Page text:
Also last week, Holland’s largest pension fund–and the world’s third largest–took the unusual step of issuing a press statement announcing that it had no intention of divesting from Israeli banks, having “concluded that these banks themselves do not act in breach of international laws and regulations, and that there are no judicial rulings that should lead to their exclusion.” ABP’s statement was a direct challenge to Holland’s second largest pension fund, PGGM, which last month announced plans to divest from Israeli banks because of their involvement in financing the settlements. PGGM had claimed such activity was problematic from the standpoint of international law. Now its larger crosstown rival has just publicly termed that nonsense. Such a rebuttal from a major European financial institution is far more convincing than anything Israel could say.

Two weeks earlier, BDS suffered another loss in a French court. The French distributor for the Israeli firm SodaStream, which also has a West Bank plant, had sued a local pro-boycott group for claiming that SodaStream products were being sold fraudulently because they were labeled “made in Israel.” The court found the claim that the distributor was deceiving or defrauding customers to be baseless. It therefore fined the group and ordered it to halt its campaign. As with the British ruling, this precedent will be very useful to other Israeli companies.

Moreover, many recent BDS “victories” are actually optical illusions. Take, for instance, the announcement by Denmark’s largest bank that it’s divesting from Bank Hapoalim. But as Hapoalim pointed out, “Denmark’s Danske Bank has no investments, of any kind, with Bank Hapoalim.” Similarly, the Norwegian Finance Ministry recently ordered its sovereign wealth fund to divest from two other Israeli companies–but again, the fund had no investments in those companies.

Such “faux boycotts” are obviously still damaging, because they create the illusion that BDS is gathering steam. Nevertheless, they’re a far cry from real boycotts that do real economic damage.

In short, despite John Kerry’s warnings that if peace talks fail, anti-Israel boycotts will metastasize, BDS remains a fringe movement that can still be thwarted. It will grow to threatening proportions only if Israel and its allies make no effort to challenge it.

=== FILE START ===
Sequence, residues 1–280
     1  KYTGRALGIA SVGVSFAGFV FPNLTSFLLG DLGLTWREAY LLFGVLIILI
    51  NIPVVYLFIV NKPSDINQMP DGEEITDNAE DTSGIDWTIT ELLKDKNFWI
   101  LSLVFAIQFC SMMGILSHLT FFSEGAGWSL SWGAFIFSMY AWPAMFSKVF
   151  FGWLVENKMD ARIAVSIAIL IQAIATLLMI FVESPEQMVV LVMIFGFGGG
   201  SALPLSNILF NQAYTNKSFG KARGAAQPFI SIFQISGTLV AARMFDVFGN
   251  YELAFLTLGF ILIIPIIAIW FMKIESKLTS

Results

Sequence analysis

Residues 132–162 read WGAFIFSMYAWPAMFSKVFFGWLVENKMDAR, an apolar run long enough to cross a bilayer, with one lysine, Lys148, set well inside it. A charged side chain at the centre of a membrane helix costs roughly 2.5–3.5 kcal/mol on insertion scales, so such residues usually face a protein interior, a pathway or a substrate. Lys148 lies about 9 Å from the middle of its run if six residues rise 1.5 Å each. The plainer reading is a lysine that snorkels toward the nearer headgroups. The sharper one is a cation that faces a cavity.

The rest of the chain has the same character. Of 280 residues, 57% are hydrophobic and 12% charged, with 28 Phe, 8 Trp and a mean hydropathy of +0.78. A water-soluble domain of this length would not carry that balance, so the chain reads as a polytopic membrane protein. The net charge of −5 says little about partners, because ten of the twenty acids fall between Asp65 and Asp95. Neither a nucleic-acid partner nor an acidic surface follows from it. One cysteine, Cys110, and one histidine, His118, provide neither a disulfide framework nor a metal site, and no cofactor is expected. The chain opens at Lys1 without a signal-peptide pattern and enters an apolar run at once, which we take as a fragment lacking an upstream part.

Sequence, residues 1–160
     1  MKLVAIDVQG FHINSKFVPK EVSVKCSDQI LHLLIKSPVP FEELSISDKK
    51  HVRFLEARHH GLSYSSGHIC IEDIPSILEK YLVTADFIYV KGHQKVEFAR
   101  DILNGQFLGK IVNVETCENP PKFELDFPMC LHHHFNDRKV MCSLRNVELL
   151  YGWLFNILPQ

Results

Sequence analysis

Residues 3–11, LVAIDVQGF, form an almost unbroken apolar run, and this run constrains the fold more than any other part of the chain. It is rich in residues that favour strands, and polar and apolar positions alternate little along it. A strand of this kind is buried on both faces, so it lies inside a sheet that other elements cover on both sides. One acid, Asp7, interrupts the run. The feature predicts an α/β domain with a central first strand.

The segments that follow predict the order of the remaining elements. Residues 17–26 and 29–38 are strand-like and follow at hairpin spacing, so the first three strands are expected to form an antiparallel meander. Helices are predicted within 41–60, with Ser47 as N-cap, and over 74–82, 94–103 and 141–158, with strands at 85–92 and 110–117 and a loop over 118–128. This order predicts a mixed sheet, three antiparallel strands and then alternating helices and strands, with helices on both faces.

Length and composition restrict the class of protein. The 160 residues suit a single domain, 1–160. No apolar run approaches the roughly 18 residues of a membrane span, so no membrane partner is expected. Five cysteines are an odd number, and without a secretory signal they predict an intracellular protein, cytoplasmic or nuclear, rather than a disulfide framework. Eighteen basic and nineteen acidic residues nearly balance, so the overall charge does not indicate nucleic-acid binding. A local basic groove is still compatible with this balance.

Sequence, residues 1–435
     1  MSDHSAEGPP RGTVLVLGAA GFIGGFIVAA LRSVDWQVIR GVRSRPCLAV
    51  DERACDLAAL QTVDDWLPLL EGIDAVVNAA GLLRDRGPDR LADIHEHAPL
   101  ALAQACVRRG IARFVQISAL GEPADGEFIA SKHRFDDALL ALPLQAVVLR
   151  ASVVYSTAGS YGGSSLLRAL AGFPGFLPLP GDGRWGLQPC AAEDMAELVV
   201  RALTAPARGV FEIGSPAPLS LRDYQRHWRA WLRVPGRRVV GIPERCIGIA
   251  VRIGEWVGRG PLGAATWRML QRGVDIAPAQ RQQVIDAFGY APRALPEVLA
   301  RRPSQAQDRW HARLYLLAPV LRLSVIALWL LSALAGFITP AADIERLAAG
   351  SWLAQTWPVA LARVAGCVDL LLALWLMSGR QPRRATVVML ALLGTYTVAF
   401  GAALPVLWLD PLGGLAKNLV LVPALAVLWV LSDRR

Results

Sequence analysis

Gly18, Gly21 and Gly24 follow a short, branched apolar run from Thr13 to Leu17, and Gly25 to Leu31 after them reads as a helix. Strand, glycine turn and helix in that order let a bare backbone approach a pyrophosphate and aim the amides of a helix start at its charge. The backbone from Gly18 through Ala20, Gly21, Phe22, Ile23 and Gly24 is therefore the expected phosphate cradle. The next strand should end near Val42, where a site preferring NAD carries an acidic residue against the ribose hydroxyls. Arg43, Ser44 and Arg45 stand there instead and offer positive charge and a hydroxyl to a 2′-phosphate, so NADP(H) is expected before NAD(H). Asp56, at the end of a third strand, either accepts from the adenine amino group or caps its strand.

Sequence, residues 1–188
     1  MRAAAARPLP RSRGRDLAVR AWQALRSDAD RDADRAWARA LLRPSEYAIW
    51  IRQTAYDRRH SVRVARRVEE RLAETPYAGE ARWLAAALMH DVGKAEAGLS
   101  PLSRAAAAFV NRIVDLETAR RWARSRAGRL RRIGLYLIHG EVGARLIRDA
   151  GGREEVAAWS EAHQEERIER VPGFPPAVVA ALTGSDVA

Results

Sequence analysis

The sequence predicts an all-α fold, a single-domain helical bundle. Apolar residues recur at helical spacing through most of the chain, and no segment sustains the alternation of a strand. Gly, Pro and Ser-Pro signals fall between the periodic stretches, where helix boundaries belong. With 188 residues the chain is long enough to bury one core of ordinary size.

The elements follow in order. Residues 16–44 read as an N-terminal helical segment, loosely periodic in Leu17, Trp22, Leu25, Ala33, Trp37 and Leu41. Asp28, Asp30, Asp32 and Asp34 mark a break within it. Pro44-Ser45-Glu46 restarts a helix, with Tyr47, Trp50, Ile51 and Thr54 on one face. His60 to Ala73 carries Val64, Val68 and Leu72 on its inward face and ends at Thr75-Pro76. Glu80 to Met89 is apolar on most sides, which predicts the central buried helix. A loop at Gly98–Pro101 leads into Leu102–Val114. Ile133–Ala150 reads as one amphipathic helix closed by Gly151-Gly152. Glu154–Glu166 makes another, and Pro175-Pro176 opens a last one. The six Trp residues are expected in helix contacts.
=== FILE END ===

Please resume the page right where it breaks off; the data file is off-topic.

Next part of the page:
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Contentions BDS on a Roll? Not So Fast

by Evelyn Gordon Thursday, Feb. 13, 2014 at 9:32 PM

ne of the BDS movement’s greatest assets is the fact that its every success gets massive media coverage while its failures (ScarJo excepted) are largely ignored. That’s why anyone following the news in recent weeks would probably conclude that boycott, divestment, and sanctions were rapidly gaining ground. Yet in reality, BDS has suffered several major failures lately–and some of these failures bode ill for its future.

Just last week, for instance, Britain’s Supreme Court issued a major ruling against BDS when it upheld a trespassing conviction against four activists who chained themselves in an Ahava shop in London to protest the Israeli cosmetics firm’s West Bank plant. Far from being a narrow decision about trespassing, the ruling tackled the activists’ allegations against Ahava head-on.

First, the court rejected the claim that Ahava was “aiding and abetting the transfer of Israeli citizens to the OPT [Occupied Palestinian Territories],” and thereby violating the Geneva Convention. The company was doing no such thing, it said, but even if it were, “this could not amount to an offense by Ahava’s retailing arm.” That precedent will clearly be valuable for other Israeli companies fighting BDS.

Second, the court rejected the claim that Ahava had mislabeled its goods by labeling them “made in Israel” when they were made in the West Bank–another precedent of obvious value. Moreover, its reasoning demonstrated a remarkably clear understanding of what BDS is about: The label isn’t misleading, it said, because “a consumer willing to buy Israeli products would be very unlikely not to buy Israeli products because they were produced in the OPT.” In short, the court understood that most boycotters aren’t just “anti-occupation”; they have a problem with Israel, period. That understanding is crucial to unmasking BDS for what it is.